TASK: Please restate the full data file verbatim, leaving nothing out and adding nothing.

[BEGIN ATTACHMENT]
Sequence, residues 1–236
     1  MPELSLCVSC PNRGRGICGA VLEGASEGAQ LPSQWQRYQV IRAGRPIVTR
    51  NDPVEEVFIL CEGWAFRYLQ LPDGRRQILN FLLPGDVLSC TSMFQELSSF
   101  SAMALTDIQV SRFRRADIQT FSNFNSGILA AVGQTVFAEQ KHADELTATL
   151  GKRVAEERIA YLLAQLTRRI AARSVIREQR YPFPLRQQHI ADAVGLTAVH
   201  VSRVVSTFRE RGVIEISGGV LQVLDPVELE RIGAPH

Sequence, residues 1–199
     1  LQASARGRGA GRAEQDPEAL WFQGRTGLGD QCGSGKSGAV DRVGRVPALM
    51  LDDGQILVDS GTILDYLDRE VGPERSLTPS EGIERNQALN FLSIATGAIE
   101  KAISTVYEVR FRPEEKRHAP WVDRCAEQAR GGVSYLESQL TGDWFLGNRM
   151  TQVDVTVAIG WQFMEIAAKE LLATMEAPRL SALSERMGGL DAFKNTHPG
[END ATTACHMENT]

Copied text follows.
Sequence, residues 1–236
     1  MPELSLCVSC PNRGRGICGA VLEGASEGAQ LPSQWQRYQV IRAGRPIVTR
    51  NDPVEEVFIL CEGWAFRYLQ LPDGRRQILN FLLPGDVLSC TSMFQELSSF
   101  SAMALTDIQV SRFRRADIQT FSNFNSGILA AVGQTVFAEQ KHADELTATL
   151  GKRVAEERIA YLLAQLTRRI AARSVIREQR YPFPLRQQHI ADAVGLTAVH
   201  VSRVVSTFRE RGVIEISGGV LQVLDPVELE RIGAPH

Sequence, residues 1–199
     1  LQASARGRGA GRAEQDPEAL WFQGRTGLGD QCGSGKSGAV DRVGRVPALM
    51  LDDGQILVDS GTILDYLDRE VGPERSLTPS EGIERNQALN FLSIATGAIE
   101  KAISTVYEVR FRPEEKRHAP WVDRCAEQAR GGVSYLESQL TGDWFLGNRM
   151  TQVDVTVAIG WQFMEIAAKE LLATMEAPRL SALSERMGGL DAFKNTHPG